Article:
Dating apps have become more popular than ever. With more than 26 million users on Bumble alone, we can expect this amazing growth to continue in the next few years. In fact, a recent report by The Guardian notes that almost 40% of couples first met through the use of a dating app.

With so much competition, it’s only natural that people are trying all sorts of ways to make their dating profile stand out. Some people go the classic route: this typically includes investing in new hobbies to catch the interest of a potential match or improving their appearance through style changes. It’s estimated that more than five million people have used Invisalign to improve the look of their smile. These helpful habits not only make you more attractive to a potential mate, but they can also boost your self-esteem.

For others, investing in themselves is simply off the table. While lying in a dating profile is nothing new, some people have ventured down a new route — one that’s particularly heinous in the eyes of other users.

Dogfishing.

According to the Washington Post, this egregious act occurs when a user pretends to own a dog for the sake of a right swipe.

And it makes sense. Owning a dog is hard work and pretending to own one offers all the benefits and none of the responsibility. Dog owners have to take their beloved pooch for a walk at least one time each day while countless others have to invest in home repairs after owning a pet. It’s estimated that 10 million kitchens are remodeled every year, many of which need extra attention after decades of dog claws and in-house accidents.

Erika Ettin, an online dating coach, notes that potential dates seem more caring if they have a dog in their profile, especially if the dogfisher is a man. With this ace in the hole, users are able to glean more matches than a profile without one.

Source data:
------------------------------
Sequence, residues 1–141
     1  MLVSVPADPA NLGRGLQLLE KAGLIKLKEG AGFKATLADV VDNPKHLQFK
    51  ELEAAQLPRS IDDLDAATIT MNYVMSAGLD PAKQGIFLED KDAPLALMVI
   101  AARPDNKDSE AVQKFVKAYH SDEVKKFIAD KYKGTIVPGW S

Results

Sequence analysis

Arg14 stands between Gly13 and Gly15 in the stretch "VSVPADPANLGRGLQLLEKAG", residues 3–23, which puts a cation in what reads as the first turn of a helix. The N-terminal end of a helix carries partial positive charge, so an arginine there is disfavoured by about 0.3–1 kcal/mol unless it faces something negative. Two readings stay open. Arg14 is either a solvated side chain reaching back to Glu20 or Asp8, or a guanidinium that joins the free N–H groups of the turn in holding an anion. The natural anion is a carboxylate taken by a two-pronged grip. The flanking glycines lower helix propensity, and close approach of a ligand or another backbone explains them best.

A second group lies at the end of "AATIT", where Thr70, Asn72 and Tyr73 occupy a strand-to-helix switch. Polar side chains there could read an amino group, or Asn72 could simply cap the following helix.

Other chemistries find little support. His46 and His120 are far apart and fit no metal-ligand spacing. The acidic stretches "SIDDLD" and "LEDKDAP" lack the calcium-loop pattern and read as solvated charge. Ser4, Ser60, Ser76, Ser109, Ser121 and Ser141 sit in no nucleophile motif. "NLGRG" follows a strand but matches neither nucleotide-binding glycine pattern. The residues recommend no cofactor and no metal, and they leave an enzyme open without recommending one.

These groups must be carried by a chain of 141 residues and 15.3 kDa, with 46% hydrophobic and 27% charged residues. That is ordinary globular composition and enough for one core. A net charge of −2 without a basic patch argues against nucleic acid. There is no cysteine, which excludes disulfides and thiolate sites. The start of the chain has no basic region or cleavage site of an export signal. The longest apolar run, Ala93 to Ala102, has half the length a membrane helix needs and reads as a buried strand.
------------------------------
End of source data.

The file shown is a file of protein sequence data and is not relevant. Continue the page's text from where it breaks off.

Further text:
“Sometimes women subconsciously equate things like how a man treats his dog is how he would treat a partner,” Ettin explained.

Of course, there are countless users who snap pictures with a friend’s dog or a family member’s cuddly canine. It’s when the user pretends that the dog is theirs that the fraud occurs. While this act doesn’t constitute a Federal crime, there’s no doubt that this act of deception is a misrepresentation of who you are as a person. Of course, it’s common for people to emphasize their best traits online, but no one wants to start a relationship based on a lie. When the person is found out to be a fraudster, they’re more likely to turn off both potential matches and current relationships.

This happened to one Hinge user, Gaby Wolff. Her short relationship with another user came to an abrupt halt when her date revealed that his supposed pooch actually belonged to someone else.

“It’s like getting your foot in the door, presenting yourself in this performative way. Until that impression is ruined because you have to explain yourself,” Wolff said.

Ettin notes that the best thing you can do for your online profile is to tell the truth. When you use someone else’s animal in your profile, she explains, it looks like you’re trying too hard to get that right swipe.

Here are some of the best ways you can boost your online dating profile:

  • Showcase yourself doing things: Many online profiles are swiped left on because they lack personality. While you don’t need to showcase a photo of you on the red carpet, taking pictures when you’re performing hobbies are a great way to strike up a conversation. For example, visiting a museum can show that you’re cultured and interested in history or art. Glass mosaics have been around 300 years before the birth of Christ and they make an excellent backdrop for a dating profile photo.
  • Don’t neglect your bio: A recent survey among Australian daters has shown that almost 30% of swipers will choose their swipe based on a person’s bio when they’re unsure about a match. If you’re only using movie quotes or flooding your text with emojis, you might want to make some serious edits.
  • Don’t hide your face: Summertime dating means that you’re spending time on the beach and going on vacation. Even though you think you look cool in those sunglasses, potential matches want to see those baby blues. Ditch the sunglasses and make sure you have a few photos that show your face clearly.

Instead of posting pictures with a pooch that isn’t yours, actually showcasing your strengths will result in authentic matches and better dates. The next time you go online, watch out for dogfishers at all costs — and maybe swipe for better reasons than just a pooch in the first place.